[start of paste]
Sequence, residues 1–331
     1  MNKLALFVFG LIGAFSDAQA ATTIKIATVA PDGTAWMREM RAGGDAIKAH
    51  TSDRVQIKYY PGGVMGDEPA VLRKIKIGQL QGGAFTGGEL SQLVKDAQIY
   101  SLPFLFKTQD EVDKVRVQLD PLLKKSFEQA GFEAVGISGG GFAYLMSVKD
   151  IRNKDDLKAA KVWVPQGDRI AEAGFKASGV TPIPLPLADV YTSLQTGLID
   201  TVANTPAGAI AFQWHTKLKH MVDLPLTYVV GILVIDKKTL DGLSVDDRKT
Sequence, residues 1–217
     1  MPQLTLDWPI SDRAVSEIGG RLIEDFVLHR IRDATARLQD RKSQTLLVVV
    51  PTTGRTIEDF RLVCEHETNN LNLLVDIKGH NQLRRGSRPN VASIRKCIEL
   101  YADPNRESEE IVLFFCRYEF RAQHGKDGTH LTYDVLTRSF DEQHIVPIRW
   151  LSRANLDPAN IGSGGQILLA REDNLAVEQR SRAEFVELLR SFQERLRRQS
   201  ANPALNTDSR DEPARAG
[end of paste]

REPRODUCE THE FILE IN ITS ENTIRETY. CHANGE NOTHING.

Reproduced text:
Sequence, residues 1–331
     1  MNKLALFVFG LIGAFSDAQA ATTIKIATVA PDGTAWMREM RAGGDAIKAH
    51  TSDRVQIKYY PGGVMGDEPA VLRKIKIGQL QGGAFTGGEL SQLVKDAQIY
   101  SLPFLFKTQD EVDKVRVQLD PLLKKSFEQA GFEAVGISGG GFAYLMSVKD
   151  IRNKDDLKAA KVWVPQGDRI AEAGFKASGV TPIPLPLADV YTSLQTGLID
   201  TVANTPAGAI AFQWHTKLKH MVDLPLTYVV GILVIDKKTL DGLSVDDRKT
Sequence, residues 1–217
     1  MPQLTLDWPI SDRAVSEIGG RLIEDFVLHR IRDATARLQD RKSQTLLVVV
    51  PTTGRTIEDF RLVCEHETNN LNLLVDIKGH NQLRRGSRPN VASIRKCIEL
   101  YADPNRESEE IVLFFCRYEF RAQHGKDGTH LTYDVLTRSF DEQHIVPIRW
   151  LSRANLDPAN IGSGGQILLA REDNLAVEQR SRAEFVELLR SFQERLRRQS
   201  ANPALNTDSR DEPARAG